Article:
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Gays and Men's Work

by Homo Sapiens

The greatest challenge in my Men's Work has been the acceptance of my sexuality. It took me two-and-a-half years in my men's support group to openly share this aspect of my struggle. This was because of the homophobia of some of the "leaders." The president. who was not present at the meeting when I spoke of my homosexuality. saw me a few days later. He congratulated me on my courage and gave me a hug. How did he learn about what I had talked about in the support group? The hug was a hug in name only. There was no feeling of genuineness. That lack of truthfulness and the breaking of the confidentiality rule causes fear in me. I experienced his behavior as homophobic.

I am thankful that my Men's Work has given me permission to hug other men. This has created a personal dilemma. If a man starts responding to a hug more intensely than the hug I am giving him, does he intend a sexual message in his hug? If mutual consent is given, is willing sexual expression appropriate at a men's event? But why should I even have to raise the questions, except for fear? What is my fear?

If it were an event for men and women and I was "caught" necking with one of the women, would I need to raise the appropriateness of the act or our conduct? Not in this society. If I were involved in a sexual act with a man at a men's event, would I have any fear? Yes! I would fear being "caught." I would fear rumors. I would fear exclusion. I would fear that my natural talents and gifts for healing men would be rejected. In my experience these are legitimate fears. I have actually had to deal with this situation. I have directly experienced these homophobic fears in myself and in others in Men's Work.

I would like to share several experiences of homophobia. First, for one particular men's event, I was contacted by one of the leaders because I had indicated I was gay. He asked why I wanted to attend the event, and he advised me that he had to be certain I wanted to attend for the "right" reasons. Would a "straight" man have even been asked the question? No! Would a closeted gay man have been asked that question? No! But I was.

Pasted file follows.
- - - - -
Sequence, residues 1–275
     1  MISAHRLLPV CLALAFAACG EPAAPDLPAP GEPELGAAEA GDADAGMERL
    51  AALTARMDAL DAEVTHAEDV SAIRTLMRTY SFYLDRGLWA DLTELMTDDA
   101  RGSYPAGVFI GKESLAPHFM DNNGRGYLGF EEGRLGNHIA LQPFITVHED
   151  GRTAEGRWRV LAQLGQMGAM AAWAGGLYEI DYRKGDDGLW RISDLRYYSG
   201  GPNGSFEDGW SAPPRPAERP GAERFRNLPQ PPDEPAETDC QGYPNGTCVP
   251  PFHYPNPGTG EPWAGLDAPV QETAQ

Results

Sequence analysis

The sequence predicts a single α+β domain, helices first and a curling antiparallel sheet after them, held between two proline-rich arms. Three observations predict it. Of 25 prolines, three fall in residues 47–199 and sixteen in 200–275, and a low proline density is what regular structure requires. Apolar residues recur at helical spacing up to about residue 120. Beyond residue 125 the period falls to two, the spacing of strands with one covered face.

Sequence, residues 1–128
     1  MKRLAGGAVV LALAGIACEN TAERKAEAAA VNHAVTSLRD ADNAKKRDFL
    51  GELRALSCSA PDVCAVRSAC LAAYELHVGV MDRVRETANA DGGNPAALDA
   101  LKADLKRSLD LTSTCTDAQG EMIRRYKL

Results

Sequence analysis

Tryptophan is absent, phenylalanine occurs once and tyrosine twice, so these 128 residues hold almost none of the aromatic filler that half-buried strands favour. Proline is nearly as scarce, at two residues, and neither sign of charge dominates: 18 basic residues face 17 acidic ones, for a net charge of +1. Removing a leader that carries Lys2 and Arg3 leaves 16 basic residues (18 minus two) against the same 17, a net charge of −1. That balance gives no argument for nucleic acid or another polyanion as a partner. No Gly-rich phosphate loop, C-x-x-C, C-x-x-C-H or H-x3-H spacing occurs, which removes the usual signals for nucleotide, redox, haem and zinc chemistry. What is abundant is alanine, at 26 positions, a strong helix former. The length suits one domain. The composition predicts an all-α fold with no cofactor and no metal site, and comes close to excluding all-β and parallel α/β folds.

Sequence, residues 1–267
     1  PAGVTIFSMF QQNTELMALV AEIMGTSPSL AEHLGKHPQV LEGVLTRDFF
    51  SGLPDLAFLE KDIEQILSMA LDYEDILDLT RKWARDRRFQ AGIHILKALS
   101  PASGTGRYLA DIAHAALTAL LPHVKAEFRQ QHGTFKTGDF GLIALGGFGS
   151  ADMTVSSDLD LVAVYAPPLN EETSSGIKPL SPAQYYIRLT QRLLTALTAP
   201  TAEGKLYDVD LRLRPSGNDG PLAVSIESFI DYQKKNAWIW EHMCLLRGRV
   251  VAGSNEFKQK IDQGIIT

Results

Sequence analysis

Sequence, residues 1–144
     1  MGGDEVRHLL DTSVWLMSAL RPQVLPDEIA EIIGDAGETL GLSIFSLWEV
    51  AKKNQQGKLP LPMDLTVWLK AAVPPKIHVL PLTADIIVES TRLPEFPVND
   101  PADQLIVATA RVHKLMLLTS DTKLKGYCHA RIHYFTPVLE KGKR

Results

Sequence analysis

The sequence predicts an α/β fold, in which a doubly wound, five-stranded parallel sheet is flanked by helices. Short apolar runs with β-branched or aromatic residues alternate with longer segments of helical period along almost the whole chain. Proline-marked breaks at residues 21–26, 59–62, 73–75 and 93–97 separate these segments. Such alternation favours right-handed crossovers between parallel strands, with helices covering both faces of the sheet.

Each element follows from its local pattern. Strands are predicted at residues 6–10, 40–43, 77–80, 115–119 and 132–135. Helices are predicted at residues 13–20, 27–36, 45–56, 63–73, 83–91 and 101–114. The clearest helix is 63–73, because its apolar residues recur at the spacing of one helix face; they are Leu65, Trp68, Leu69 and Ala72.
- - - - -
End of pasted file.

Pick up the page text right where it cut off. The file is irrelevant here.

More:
At a national men's event in 1993, there was an opportunity to organize a panel presentation by gay men. After an opening introduction for the panels, I had the floor. I indicated that this was going to be an experiential presentation. I requested that everyone, to the extent they felt comfortable doing so, physically connect with the men on either side of them. There was a sigh of relaxation among most of the participants. I felt a wave of love and comfort It swept from the back of the room to the front. My sense had been totally correct. Many of the men were ready for the physical touch and intimacy, even though it was part of a gay panel presentation. The panel was a success. Several of the facilitators congratulated us, indicating that a gay panel could not have been possible two years before-it would not have been acceptable.

The panel represented progress, but also demonstrated the fear that still existed. Some men did not express support afterwards; a conflict arose the following day. There were still men who were fearful of the experience. If they have fear of male physical intimacy, then it is not totally safe for me to be a gay man.

Finally, during the closing ceremony at a weekend men's event, reference was made to "our female partners." I spoke up and said that if there was a real interest in wanting gay men to feel at home in Men's Work, talking about female partners only was unsatisfactory. The appropriate manner was to talk about a man's partner, absent explicit reference to males or females.

These incidents have caused me much concern. I fear some men in Men's Work will reject me. I fear that I will be abandoned when I am in need. In the wider community, it is a fear of discrimination and physical injury. In Men's Work, it is a fear of psychic injury. Will someone play with my head? Will I be bashed? Will men in my support group reject me? Will men, mythopoetic and others, reject me? Hate me? Abandon me?

If gay men are to feel accepted by the men's movement, it will be determined by the degree that straight men are sincere and sensitive in their welcome to gay men. Actions speak louder than words. Included in the welcome extended to gay men must be openness and acceptance of the rights of gay men to live and enjoy their lifestyle.

My own work is still very inner-directed. I still struggle dally with my issues, with my addictions, with my own personal brand of lack of self-love.

But one question still remains. Are the men in Men's Work really ready to end homophobia and ready to accept and embrace gay men as full brothers?

Editor's Note: The author has been involved in over 50 men's events in the last six years as a participant, initiate, staffer, planner, cofacilitator, or initiating eider. He wax involved in organizing a men's support group that has continued for six years, and actively participates in four other men's support groups.


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